I know, I know – hybrids are all the rage. No matter where you look, what you read or what webinar you attend, someone is telling you that traditional long-term care insurance (LTCI) is dead and hybrids will save the world.
Maybe I’ve just never been one to go with the flow, but I think we all just need to take a step back and examine these products more closely. We need to ask the question “Is the hybrid sale good for the client sitting in front of me?”
I can remember when these products first hit the marketplace. They weren’t very competitive. The long-term care (LTC) benefits in a traditional LTCI policy far outweighed the LTC benefits in a hybrid, most clients didn’t have the amount of money it took to fund a hybrid correctly, and most of the hybrids were sold without any kind of cost-of-living rider.
What’s changed? In 2014, some have objections to selling traditional LTCI. Some of the criticisms of traditional LTCI are: It’s too expensive, the underwriting is too stringent and there have been too many rate increases. You can read many articles about why hybrids are better than LTCI.
I would postulate that each product has its place. Purchasing a hybrid allows customers to “check the box” and think they’ve done their long-term care planning. Unfortunately, some hybrids are sold incorrectly, and potentially at great harm to the client.
Here are some concerns I have about use of life-LTCI hybrids in some planning situations.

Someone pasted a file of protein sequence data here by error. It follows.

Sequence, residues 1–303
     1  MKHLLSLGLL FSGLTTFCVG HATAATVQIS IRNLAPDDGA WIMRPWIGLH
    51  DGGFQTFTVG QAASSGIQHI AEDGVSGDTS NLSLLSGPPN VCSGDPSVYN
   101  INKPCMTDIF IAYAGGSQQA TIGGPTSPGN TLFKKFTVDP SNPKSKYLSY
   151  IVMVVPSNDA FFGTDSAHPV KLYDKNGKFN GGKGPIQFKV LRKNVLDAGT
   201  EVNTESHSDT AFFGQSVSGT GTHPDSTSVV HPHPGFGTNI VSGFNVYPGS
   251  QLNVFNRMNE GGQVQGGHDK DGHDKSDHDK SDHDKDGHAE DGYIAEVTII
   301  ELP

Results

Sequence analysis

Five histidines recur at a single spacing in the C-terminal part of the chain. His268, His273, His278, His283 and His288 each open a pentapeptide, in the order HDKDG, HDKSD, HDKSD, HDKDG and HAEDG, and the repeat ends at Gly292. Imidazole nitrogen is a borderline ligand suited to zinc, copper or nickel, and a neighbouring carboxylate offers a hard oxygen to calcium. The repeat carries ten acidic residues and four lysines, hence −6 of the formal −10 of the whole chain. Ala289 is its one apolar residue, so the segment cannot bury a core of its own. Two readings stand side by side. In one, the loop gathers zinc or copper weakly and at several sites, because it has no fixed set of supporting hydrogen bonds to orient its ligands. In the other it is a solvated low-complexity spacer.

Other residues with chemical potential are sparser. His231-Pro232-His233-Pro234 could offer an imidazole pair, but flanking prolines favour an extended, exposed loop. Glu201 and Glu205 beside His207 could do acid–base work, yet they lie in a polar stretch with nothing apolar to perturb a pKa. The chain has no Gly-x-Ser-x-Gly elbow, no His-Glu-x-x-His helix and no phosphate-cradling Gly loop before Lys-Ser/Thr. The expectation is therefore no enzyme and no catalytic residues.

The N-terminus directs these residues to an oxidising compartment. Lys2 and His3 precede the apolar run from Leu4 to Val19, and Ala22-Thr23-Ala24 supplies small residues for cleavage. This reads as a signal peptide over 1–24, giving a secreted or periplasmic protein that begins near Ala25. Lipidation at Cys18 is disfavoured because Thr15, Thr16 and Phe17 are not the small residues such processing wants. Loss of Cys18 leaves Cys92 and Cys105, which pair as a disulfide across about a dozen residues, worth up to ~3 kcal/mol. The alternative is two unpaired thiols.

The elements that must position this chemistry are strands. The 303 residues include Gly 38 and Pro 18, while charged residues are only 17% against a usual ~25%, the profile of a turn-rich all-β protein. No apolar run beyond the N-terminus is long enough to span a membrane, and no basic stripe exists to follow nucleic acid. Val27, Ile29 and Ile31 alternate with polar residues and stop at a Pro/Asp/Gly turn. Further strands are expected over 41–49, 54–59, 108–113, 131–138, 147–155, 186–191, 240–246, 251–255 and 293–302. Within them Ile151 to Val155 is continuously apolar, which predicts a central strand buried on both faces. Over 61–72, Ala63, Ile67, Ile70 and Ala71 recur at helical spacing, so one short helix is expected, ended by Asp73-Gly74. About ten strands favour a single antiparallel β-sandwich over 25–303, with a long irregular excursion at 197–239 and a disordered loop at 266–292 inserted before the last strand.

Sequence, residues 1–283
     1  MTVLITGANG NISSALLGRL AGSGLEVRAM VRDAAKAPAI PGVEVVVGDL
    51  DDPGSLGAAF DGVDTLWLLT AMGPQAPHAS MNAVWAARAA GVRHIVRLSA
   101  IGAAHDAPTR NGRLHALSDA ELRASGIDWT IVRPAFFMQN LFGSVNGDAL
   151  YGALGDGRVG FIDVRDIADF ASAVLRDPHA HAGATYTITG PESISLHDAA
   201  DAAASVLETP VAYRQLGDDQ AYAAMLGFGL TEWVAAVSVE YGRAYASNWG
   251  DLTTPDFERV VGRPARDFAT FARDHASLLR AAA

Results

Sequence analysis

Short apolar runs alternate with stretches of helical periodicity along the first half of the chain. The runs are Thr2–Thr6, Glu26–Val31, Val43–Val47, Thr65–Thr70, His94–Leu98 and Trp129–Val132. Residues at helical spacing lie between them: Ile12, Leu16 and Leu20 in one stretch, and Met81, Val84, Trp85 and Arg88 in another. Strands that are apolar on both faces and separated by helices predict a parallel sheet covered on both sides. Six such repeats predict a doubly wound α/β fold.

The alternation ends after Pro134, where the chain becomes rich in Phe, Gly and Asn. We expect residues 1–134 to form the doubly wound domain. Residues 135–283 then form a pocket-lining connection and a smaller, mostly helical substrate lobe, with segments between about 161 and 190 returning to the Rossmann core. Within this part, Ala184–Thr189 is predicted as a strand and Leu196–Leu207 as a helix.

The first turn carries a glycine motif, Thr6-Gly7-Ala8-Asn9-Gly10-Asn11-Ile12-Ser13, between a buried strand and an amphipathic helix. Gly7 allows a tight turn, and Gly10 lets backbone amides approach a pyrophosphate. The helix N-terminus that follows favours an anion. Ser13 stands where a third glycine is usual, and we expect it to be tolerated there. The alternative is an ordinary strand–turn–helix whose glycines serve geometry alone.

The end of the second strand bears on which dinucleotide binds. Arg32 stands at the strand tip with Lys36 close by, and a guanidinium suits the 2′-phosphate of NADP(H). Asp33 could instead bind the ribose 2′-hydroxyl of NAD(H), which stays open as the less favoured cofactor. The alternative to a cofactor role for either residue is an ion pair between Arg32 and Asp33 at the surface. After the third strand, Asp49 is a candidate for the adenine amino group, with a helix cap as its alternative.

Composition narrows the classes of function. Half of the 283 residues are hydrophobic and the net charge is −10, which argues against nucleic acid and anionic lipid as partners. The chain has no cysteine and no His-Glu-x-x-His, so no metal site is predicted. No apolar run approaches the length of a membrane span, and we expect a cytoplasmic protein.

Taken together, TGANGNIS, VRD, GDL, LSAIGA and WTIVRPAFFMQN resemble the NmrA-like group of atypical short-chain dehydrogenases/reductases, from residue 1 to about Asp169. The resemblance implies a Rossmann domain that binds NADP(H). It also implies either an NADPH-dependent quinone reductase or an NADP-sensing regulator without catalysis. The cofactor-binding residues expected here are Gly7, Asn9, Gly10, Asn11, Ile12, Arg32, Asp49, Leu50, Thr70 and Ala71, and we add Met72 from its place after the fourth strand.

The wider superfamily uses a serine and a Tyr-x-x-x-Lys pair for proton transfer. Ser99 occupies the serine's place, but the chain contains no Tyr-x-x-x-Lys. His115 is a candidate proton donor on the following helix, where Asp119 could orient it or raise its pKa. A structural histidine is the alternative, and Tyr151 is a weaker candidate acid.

1. The LTC benefit is not flexible.
Since the size of the LTC benefit is determined by the size of the death benefit, it may or may not provide enough coverage. In some instances it’s way too much and in others it’s way too little. Some producers rationalize this by saying, “This is a high-net-worth client who would be willing to self-insure anyway. He/She understands this might not be enough coverage and is willing to pay the difference.” While this product allows the customers to “check the box” and think they’ve done their long term care planning, the benefit they are purchasing might not be appropriate.
2. Some hybrids are sold without a cost of living increase (COLA) rider.
This is because, when a COLA rider is added to the policy, the LTC benefits may not look nearly as good. Once again, the rationale is, “It doesn’t matter. This is a high-net-worth individual who is willing to self-insure anyway.” I would argue that many clients don’t really understand the implication of purchasing an LTC benefit of $2,500 with no COLA rider at age 55. We have to ask: What will happen at claim time? Do you think the client will be satisfied? Do you think the bulk of their LTC costs will be covered?
3. Some clients don’t need the life insurance.
If a client needs a significant amount of life insurance, then LTC claims could reduce the amount of benefits available to the beneficiary. If clients don’t need any life insurance at all, why are you selling them life insurance?